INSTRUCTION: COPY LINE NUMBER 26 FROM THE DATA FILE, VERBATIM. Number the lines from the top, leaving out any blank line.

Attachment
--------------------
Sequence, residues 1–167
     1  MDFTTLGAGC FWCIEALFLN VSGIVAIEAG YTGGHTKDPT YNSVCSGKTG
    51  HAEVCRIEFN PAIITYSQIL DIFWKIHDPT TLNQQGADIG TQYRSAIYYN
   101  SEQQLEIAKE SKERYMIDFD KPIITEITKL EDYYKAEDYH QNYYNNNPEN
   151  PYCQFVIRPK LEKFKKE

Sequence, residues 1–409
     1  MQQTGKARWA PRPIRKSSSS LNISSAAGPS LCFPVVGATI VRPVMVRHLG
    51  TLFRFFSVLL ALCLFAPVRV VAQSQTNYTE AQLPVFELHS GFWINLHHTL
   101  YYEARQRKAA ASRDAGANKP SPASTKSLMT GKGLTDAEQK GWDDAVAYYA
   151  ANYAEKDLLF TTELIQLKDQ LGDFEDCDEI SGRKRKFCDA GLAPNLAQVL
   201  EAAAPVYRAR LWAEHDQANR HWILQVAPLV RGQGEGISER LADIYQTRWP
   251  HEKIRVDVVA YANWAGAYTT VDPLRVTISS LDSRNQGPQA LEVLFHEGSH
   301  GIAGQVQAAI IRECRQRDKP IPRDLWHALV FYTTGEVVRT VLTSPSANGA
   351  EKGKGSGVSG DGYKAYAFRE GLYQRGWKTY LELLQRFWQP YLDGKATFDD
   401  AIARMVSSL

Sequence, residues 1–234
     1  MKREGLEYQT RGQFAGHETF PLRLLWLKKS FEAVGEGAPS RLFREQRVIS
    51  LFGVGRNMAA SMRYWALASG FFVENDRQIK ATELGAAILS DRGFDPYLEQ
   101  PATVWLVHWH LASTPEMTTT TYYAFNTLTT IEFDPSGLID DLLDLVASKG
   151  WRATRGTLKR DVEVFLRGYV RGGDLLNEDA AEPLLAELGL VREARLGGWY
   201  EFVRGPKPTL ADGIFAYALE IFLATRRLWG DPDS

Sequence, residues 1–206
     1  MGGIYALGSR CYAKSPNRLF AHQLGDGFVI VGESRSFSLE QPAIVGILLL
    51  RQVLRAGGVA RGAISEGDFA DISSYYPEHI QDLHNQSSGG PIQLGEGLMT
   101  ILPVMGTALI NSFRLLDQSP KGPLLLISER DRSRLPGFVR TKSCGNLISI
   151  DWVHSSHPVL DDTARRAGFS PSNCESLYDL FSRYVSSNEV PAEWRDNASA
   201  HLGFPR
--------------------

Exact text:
   151  DWVHSSHPVL DDTARRAGFS PSNCESLYDL FSRYVSSNEV PAEWRDNASA